Speaking of third world, (Chile is really more like second world) got a little taste of it yesterday as I motored off toward downtown Osorno to find some eats.  Right across from the hotel is a local college of some sorts and they were having their own little violent demonstration over something that pissed them off, complete with the violent demonstration ritual of burning piles of stuff in the middle of the street (probably that crappy dorm room furniture every dorm room has).  I innocently cruised by, not really getting it, until I noticed the torchers were wearing hoods and scarves to hide their faces, looking like something out of a CNN news clip from Beirut.  As I passed, a big ole rock came whizzing at me, presumably meant for the van that was right behind me.  I think it nailed the van and then trickled my way; hopefully they wouldn’t intentionally stone a stupid American on a BMW with nice dress shoes and four day old underwear.

I didn’t stick around for the rest of the fireworks, but I probably should have put my digital camera to work to test my skills for that National Geographic interview I’ve been hoping for.  About a hundred meters up the road, 10 or 12 policia were all lined up, shoulder to shoulder, big Plexiglas shields positioned in front of them, marching toward the students like Roman soldiers, except these guys had big sticks instead of swords.  I never heard what happened after that, but I’m guessing the kids decided to go back to check on their calculus assignments before the big mean looking green guys got too close.  That would have been my inclination anyway.

OK, well, at least my journal is getting thorough while I wait for the luggage to mysteriously arrive at my doorstep.  With a little luck, I won’t be writing anything in this journal for a couple of days because I’ll be hauling my  butt back over the Andes to Bariloche, the Aspen of Argentina, where my buddies will be waiting with wide open arms and cold drinks…..and Neil’s dinner he is preparing for tonight!  (Neil is a world class chef who has worked in some of the top hotels / resorts in eight to ten different countries around the world).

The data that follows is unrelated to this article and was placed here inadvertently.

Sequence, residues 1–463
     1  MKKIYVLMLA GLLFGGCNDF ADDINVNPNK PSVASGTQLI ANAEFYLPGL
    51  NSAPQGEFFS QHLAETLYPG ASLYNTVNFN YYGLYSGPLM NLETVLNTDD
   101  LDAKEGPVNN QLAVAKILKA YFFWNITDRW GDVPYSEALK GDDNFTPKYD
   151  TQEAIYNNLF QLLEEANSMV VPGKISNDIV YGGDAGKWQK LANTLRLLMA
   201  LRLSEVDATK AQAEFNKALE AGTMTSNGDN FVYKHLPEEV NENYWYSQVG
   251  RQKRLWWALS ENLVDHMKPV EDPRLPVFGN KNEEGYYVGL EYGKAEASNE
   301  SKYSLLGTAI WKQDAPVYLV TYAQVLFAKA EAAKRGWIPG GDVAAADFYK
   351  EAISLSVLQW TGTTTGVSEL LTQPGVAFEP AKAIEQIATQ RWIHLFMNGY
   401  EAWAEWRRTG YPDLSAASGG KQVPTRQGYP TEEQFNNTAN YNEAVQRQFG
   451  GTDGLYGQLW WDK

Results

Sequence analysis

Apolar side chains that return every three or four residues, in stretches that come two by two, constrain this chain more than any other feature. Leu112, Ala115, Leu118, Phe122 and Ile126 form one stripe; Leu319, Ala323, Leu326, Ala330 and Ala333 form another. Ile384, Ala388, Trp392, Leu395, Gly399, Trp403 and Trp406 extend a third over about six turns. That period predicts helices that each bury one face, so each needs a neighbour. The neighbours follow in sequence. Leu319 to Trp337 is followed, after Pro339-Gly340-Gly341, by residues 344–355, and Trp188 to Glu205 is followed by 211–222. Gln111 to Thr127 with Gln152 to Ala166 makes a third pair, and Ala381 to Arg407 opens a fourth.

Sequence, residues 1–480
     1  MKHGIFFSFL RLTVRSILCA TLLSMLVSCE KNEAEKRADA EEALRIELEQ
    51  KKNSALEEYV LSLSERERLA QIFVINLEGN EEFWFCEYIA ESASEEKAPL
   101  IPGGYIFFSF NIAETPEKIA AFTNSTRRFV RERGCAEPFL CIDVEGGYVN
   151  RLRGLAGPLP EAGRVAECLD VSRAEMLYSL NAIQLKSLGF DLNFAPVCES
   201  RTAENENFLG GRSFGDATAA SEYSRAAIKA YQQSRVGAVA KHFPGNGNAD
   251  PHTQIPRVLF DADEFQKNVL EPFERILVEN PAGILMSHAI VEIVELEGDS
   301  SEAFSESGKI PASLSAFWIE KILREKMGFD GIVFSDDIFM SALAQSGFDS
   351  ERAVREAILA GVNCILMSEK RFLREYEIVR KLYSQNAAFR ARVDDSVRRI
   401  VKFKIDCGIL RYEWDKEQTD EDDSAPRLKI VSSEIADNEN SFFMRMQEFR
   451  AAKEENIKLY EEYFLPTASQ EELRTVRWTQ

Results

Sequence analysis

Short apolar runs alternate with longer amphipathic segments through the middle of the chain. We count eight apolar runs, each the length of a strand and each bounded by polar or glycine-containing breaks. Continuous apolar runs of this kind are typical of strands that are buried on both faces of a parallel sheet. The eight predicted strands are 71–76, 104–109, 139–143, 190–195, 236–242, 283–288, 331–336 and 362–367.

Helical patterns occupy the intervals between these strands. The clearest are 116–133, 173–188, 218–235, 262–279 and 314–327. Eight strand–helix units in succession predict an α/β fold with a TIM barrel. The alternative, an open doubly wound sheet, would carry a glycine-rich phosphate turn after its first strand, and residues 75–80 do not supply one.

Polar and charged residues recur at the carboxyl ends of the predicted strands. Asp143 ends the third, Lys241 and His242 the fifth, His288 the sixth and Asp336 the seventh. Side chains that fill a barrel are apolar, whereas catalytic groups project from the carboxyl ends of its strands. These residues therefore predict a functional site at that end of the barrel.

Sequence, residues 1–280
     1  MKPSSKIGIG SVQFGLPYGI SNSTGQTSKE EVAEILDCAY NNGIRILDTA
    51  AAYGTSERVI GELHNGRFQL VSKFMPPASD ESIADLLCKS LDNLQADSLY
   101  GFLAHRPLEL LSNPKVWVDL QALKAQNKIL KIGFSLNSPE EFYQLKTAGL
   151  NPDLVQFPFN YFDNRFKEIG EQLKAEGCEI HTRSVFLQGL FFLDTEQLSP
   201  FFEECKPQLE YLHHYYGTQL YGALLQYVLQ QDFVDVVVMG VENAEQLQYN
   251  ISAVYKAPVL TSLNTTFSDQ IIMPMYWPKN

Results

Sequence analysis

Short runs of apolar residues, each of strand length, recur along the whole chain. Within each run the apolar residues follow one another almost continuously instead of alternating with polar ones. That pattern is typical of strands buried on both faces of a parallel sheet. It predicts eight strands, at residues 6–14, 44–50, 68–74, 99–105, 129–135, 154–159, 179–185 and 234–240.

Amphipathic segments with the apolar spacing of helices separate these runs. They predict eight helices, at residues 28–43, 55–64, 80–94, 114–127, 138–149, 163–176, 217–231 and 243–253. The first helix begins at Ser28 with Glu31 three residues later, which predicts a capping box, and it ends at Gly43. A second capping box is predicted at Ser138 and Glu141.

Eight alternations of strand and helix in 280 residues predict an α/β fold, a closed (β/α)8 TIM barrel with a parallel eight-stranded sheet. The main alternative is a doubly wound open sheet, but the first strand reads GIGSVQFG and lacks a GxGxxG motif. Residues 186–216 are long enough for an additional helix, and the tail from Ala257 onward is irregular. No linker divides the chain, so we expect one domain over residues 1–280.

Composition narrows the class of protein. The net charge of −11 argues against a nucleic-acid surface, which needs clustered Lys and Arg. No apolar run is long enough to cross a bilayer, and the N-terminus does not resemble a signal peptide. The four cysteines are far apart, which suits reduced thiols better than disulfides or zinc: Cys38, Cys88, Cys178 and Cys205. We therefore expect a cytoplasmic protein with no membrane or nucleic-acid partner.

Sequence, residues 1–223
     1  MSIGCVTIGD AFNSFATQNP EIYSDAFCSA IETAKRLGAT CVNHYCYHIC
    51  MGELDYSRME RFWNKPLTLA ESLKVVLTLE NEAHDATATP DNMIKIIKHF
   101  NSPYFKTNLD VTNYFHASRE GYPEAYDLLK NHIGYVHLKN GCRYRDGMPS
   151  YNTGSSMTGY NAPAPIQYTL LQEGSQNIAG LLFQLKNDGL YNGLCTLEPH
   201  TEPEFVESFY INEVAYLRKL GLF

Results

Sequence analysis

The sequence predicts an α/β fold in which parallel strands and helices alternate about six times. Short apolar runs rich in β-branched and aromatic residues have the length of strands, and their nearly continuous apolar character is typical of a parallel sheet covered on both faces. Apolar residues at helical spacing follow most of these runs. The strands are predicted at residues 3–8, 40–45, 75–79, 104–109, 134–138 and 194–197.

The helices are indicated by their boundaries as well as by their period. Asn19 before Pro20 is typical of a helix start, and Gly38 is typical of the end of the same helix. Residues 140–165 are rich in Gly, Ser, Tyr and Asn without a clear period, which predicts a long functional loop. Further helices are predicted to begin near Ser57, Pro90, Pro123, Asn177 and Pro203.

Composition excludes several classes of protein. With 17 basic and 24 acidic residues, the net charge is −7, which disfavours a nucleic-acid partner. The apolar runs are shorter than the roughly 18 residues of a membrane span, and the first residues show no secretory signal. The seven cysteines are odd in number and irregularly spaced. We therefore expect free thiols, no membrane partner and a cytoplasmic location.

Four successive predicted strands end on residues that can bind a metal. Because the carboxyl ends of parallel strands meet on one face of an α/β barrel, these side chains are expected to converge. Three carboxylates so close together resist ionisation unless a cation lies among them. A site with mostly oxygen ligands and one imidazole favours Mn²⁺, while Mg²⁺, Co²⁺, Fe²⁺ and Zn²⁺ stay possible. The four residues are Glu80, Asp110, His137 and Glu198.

Hasta Manyana.  My Spanish is completely hopeless.

Monday, April 02, 2007- 6am  (3 days later)

The interesting thing about these motorcycle trips is how quickly the days pass when you are rolling.  I missed two, almost three full days of writing my journal notes, but the days were certainly not slow. 

I am literally listening to the rooster crow as I carefully unwrap my trusty Dell, expertly wrapped in my used underwear to provide maximum shock protection from the dirt roads we’ve been on.  We are now in Futaleufu, Chile just across the border from the Argentine checkpoint we crossed last night.  I’ve got to check that spelling on Futaleufu, I’m pretty sure it’s wrong.  We were joking about stopping in the gay bar here when we arrived, with a great name like that, you’d think there’d be at least one, but, no luck thankfully.